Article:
Head of Household. In most cases, this status applies to a taxpayer who is not married, but there are some special rules. For example, the taxpayer must have paid more than half the cost of keeping up a home for themselves and a qualifying person. Taxpayers should check all the rules and make sure they qualify to use this status.
Qualifying Widow(er) with Dependent Child. This status may apply to a taxpayer if their spouse died during one of the previous two years and they have a dependent child. Other conditions also apply.
Five Tax Deductions that Disappeared in 2018
Under tax reform, taxpayers who itemize should be aware that deductions they may have previously counted on to reduce their taxable income have disappeared in 2018.
1. Moving Expenses
Prior to tax reform (i.e., for tax years starting before January 1, 2018), taxpayers could deduct expenses related to moving for a job as long as the move met certain IRS criteria. However, for tax years 2018 through 2025, moving expenses are no longer deductible--unless you are a member of the Armed Forces on active duty who moves because of a military order.
2. Unreimbursed Job Expenses
For tax years starting in 2018 and expiring at the end of 2025, miscellaneous unreimbursed job-related expenses that exceed 2% of adjusted gross income (AGI) are no longer deductible on Schedule A (Form 1040). Examples of unreimbursed job-related expenses include union dues, continuing education, employer-required medical tests, regulatory and license fees (provided the employee was not reimbursed), and out-of-pocket expenses paid by an employee for uniforms, tools, and supplies.
3. Tax Preparation Fees
Tax preparation fees, which fall under miscellaneous fees on Schedule A of Form 1040 (also subject to the 2% floor), have been eliminated for tax years 2018 through 2025. Tax preparation fees include payments to accountants, tax prep firms, as well as the cost of tax preparation software.
4. Personal Exemptions
Repealed for tax years 2018 through 2025, the personal exemption enabled individual taxpayers to reduce taxable income ($4,050 in 2017). Each household dependent was able to take the deduction as well. While the standard deduction did increase significantly ($12,000 for individuals, $24,000 for married taxpayers filing jointly, $18,000 for heads of household) to compensate, some taxpayers may still lose out.
5. Subsidized Parking and Transit Reimbursements for Employers
Before tax reform, employees could take advantage of a perk offered by many employers whereby parking and transit pass costs (up to $255 per month in 2017) were reimbursed by their employers tax-free. These reimbursements were not included in the employee's taxable income and were deductible to companies on their tax returns. However, for tax years starting in 2018, the employer deduction is no longer available.
If you have any questions about tax reform and how it affects your particular tax situation, don't hesitate to call.
Taxpayers who usually itemize deductions should check their withholding to avoid tax surprises
WASHINGTON – The Internal Revenue Service encourages taxpayers who typically itemized their deductions on Schedule A of the Form 1040 to use the Withholding Calculator this year to perform a “paycheck checkup.”
People who have itemized before may be affected by changes from the Tax Cuts and Jobs Act. Taxpayers who itemize should use the IRS Withholding Calculator to make sure their employers are withholding the appropriate amount of tax from their paychecks for their financial situation.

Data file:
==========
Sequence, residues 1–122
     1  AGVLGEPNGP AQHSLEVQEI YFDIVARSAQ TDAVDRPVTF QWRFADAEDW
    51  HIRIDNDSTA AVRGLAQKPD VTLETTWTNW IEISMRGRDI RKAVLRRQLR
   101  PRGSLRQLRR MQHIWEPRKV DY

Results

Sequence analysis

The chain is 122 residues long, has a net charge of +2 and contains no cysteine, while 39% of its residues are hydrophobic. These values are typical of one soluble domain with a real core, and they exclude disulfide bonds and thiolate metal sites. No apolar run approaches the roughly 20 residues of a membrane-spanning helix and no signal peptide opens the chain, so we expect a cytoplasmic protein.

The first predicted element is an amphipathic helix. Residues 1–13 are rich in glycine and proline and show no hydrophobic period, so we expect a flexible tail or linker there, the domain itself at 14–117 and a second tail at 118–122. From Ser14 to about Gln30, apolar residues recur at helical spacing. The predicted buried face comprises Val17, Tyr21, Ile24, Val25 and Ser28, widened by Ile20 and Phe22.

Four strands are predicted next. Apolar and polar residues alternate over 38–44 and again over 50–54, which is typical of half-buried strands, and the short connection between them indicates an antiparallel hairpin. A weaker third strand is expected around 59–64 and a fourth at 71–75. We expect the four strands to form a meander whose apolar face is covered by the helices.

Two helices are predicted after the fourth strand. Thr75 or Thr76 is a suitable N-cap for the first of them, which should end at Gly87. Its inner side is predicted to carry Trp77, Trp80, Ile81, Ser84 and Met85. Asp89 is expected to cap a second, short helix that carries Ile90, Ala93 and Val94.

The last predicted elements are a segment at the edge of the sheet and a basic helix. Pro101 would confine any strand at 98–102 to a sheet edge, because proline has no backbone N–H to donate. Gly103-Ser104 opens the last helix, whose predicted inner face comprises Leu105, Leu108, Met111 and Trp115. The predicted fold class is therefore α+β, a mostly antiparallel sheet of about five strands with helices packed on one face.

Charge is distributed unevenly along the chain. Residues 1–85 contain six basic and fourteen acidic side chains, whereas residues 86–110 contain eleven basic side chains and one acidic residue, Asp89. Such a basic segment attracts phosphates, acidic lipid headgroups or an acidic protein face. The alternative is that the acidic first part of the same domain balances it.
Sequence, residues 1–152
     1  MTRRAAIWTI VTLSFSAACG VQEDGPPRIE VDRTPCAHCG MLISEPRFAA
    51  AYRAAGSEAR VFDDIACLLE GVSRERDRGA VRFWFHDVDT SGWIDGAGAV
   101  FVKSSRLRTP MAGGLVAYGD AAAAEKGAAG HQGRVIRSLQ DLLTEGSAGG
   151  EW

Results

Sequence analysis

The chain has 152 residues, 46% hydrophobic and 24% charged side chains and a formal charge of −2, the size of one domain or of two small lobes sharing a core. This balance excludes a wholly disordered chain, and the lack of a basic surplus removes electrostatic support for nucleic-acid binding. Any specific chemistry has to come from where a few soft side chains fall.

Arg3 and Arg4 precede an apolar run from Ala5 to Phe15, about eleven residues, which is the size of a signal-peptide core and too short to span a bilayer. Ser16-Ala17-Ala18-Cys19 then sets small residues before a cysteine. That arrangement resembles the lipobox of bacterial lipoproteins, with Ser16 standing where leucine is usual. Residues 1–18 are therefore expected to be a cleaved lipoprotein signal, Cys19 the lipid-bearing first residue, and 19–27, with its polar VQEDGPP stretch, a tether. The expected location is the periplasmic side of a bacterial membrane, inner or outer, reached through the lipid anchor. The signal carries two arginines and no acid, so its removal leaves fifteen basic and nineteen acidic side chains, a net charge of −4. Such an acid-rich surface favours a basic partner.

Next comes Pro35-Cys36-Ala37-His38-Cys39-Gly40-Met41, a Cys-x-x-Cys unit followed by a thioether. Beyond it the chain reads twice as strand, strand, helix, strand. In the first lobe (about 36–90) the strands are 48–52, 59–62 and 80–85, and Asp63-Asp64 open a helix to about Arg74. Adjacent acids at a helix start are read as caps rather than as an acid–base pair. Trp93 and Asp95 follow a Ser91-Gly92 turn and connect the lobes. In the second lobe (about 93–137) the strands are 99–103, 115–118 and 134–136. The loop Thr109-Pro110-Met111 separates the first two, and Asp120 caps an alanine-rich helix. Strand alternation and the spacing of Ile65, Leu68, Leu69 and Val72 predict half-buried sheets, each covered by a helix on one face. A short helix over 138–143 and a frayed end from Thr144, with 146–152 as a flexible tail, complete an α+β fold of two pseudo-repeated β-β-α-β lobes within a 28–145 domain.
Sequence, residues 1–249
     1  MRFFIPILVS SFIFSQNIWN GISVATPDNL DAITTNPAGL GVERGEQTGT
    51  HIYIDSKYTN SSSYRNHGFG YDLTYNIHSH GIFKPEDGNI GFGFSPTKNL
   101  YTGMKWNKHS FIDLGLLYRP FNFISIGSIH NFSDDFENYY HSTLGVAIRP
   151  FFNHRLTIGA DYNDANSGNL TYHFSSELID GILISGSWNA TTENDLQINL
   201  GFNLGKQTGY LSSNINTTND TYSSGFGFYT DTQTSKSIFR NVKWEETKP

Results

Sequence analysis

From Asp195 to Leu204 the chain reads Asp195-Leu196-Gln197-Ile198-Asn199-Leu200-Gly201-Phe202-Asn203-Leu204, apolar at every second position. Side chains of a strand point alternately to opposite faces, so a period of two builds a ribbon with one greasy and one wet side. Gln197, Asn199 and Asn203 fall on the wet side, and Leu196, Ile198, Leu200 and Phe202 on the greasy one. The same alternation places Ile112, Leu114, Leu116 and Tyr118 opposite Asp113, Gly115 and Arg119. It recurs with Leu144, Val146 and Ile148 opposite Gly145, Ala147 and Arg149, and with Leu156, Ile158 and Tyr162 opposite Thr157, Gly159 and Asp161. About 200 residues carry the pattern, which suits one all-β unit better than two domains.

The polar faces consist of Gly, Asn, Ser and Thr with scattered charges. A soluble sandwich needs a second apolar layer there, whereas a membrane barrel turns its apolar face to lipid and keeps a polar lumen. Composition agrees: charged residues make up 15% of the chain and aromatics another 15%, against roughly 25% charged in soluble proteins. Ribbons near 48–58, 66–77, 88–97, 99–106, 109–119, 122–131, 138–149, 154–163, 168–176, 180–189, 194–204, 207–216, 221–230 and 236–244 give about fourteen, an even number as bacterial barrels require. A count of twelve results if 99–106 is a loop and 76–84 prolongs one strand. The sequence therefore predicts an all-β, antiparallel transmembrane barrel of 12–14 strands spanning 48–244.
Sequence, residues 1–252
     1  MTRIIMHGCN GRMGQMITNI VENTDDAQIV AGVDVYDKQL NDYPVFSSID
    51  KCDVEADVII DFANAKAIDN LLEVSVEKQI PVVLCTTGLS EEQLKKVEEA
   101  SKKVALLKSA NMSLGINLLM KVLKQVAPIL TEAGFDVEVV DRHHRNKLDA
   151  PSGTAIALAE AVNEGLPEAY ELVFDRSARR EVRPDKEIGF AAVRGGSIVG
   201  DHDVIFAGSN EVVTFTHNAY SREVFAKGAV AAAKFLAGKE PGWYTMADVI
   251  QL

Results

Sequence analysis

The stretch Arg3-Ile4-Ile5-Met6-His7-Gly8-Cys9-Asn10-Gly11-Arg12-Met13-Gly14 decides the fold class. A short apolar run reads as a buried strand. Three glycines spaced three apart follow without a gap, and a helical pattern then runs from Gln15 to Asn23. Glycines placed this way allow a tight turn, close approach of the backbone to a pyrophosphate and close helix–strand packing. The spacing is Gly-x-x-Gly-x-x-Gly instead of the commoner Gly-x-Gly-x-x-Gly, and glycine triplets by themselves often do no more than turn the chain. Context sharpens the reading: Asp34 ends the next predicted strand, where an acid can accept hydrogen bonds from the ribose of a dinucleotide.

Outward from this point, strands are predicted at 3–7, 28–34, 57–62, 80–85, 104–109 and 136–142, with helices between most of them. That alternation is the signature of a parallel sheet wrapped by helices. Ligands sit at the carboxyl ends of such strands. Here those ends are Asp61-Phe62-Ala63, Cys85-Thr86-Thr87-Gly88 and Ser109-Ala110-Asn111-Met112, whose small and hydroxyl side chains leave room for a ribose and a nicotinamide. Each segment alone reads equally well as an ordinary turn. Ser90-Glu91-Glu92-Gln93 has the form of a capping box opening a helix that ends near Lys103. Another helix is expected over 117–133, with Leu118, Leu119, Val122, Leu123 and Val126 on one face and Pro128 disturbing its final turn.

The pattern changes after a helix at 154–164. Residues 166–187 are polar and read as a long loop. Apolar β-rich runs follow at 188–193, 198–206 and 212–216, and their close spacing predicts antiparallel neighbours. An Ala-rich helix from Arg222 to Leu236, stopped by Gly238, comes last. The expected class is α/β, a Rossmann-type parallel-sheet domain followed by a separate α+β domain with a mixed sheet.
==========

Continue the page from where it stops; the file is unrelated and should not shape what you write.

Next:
The law changes are effective in 2018 and affect the tax returns taxpayers will file in 2019. The new law makes a number of major changes, including:
- Limiting the deductions for state and local taxes
- Limiting the deduction for home mortgage interest in certain cases (see IR-2018-32 for more information)
- Excluding deductions for employee business expenses, tax preparation fees and investment expenses, including investment management fees, safe deposit box fees and investment expenses from pass-through entities
Didn't file by April 18??
here is no penalty for filing a late return after the tax deadline if a refund is due. Penalties and interest only accrue on unfiled returns if taxes are not paid by April 18. The IRS provided taxpayers an additional day to file and pay their taxes following system issues that surfaced early on the April 17 tax deadline. Anyone who did not file and owes tax should file a return as soon as they can and pay as much as possible to reduce penalties and interest. For those who qualify, IRS Free File is still available on IRS.gov through Oct. 15 to prepare and file returns electronically.
Filing soon is especially important because the late-filing penalty on unpaid taxes adds up quickly. Ordinarily, this penalty, also known as the failure-to-file penalty, is usually 5 percent for each month or part of a month that a return is late.
But if a return is filed more than 60 days after the April due date, the minimum penalty is either $210 or 100 percent of the unpaid tax, whichever is less. This means that if the tax due is $210 or less, the penalty is equal to the tax amount due. If the tax due is more than $210, the penalty is at least $210.
In some instances, a taxpayer filing after the deadline may qualify for penalty relief. If there is a good reason for filing late, be sure to attach an explanation to the return.
Alternatively, taxpayers who have a history of filing and paying on time often qualify for penalty relief. A taxpayer will usually qualify for this relief if they haven’t been assessed penalties for the past three years and meet other requirements. For more information, see the first-time penalty abatement page on IRS.gov.
Revised Form W-4: Check your Withholding